Skat Hardware: Blocks
by Tidmarsh Major
Though I haven't made a whole lot of visible progress
on the hull lately, I've been working on hardware in preparation
for rigging once I have the hull finished. First off, I've made
a number of blocks in anticipation of all the lines necessary
for a gaff rig. I used drawings in Edson I. Schock's How to
Build Small Boats, which contains plans for a catboat that Jim
Michalak used as a model when designing Skat.
(click image to enlarge)
My first dilemma was determining what thickness
of brass to use for the body. The instructions called for "sign
brass" but didn't specify what that meant. After a discussion
on the Wooden
Boat forum, I decided to use .064 brass.
I'm fortunate enough to know someone who teaches
machine tool technology at a local community college, and he
used a CNC router to cut the bodies from my 12" x 12"
sheet of brass. He then bent them and drilled the holes for
For sheaves, I bought a sheet of 1/2" UV-resistant
VHMW polyethylene. I used a 1 3/4" hole saw to cut sheaves
approximately 1 1/2" in diameter. I then chucked them into
a drill press and used a small half-round Microplane rasp to
cut grooves into them.
(click images above to
I enlarged the holes to 5/16" and pressed in oil-impregnated
bronze bushings to fit a 1/4" shaft. Although to polyethylene
would have turned easily on a shaft by itself, I decided to
go with the extra durability of a self-lubricating bronze bushing
for this high-wear area.
Now came time to assemble the blocks. Rather than
turning pins as shown in the drawings and peening the ends,
I used partially threaded cap screws to allow for easier dissassembly
After assembly, I cut off the excess threads extending
beyond the two jam nuts (leaving one nut screwed onto the bolt
while cutting to clean the threads after cutting), and rounded
the ends with a file.
Though I was happy with my work, I realized that
while these blocks would be fine for the deck or the boom, I
didn't really want a pair of them tied to the masthead, swinging
around and banging up the finish on my mast. What I needed were
a couple of rope-stropped blocks. I searched on the web, and
found a few sources, including one article
here at Duckworks and one
from an old Mother Earth News.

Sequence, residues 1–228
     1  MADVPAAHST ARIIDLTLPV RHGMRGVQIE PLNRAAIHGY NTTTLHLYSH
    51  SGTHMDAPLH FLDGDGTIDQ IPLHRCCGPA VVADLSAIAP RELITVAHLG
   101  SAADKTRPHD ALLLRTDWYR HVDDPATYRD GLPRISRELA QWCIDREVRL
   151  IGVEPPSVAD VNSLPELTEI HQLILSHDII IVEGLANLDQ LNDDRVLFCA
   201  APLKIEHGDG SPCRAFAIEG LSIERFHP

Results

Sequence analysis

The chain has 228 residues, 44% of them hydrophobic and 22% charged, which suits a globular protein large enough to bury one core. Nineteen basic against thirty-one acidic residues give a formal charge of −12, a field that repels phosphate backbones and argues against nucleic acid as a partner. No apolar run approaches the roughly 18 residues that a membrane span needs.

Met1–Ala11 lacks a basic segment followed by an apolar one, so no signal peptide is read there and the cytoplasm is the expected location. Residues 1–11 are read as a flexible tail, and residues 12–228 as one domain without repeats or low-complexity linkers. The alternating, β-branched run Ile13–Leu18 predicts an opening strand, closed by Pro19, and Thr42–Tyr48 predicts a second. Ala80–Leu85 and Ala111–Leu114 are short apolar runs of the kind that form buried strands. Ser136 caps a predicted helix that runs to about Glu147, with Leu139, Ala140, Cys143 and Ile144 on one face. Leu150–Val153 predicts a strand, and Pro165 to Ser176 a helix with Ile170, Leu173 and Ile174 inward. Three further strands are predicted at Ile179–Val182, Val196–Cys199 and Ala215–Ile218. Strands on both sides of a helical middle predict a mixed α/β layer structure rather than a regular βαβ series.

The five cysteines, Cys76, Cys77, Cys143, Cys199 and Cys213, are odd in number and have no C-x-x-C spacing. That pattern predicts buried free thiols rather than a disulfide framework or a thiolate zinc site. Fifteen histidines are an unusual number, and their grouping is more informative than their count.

Rather than use exotic woods, I used what I had
available: Douglas fir. For each shell, I cut two five-inch
long pieces of 1 x 2 . I then clamped them side by side and
used a handsaw and a chisel to carve a 2-inch long mortise in
the center of each half, 5/16" deep. Thus, when the halves
were assembled, I would have a mortised hole 2" long and
5/8" wide to fit the 1 1/2" diameter by 1/2"
thickness sheaves that I had previously turned. I then glued
and clamped clamped the two halves together using Titebond II
exterior wood glue. When the glue had dried, I then drilled
holes through the shells, 7/8" from the bottom of the sheave
mortise. The offset sheave leaves room for a 3/8" line
through the top of the shell.
I used a jig saw to round the ends of the blocks.
I had originally planned for a 2-inch mortise with 1 1/2"
inches glued area at the top and bottom, but the blocks looked
too long. I trimmed them down to a glued area of a 3/4"
radius at each end, for a total length of 3 1/2" rather
than 5", which looked better to my eye. I then used a Microplane
rasp to cut a groove around the shell for the rope grommet and
cut pieces of brass rod to fit the shells. I test assembled
with some 3/8" nylon line I've been practicing my splices
on, as I haven't ordered any polyester line yet.
I'm now giving the shells a few coats of spar
urethane before final assembly. These wooden blocks weren't
hard to make, and I find shaping wood much more enjoyable than
metalwork. If I had it to do over, I'd probably make rope-stropped
blocks for all my rigging and skip the brass work. In particular,
if I didn't have access to a CNC router, I wouldn't make brass
blocks. For fun, I cut one brass shell freehand with a jigsaw
from the scraps left from the CNC router. Although it is functional,
it isn't anywhere near the level of finish achieved in the machine
shop. (See if you can spot the odd one out in the picture of
finished brass blocks.) I think my hand-carved wooden blocks
are far better looking than my hand-cut metal ones. As always,
though, your mileage may vary.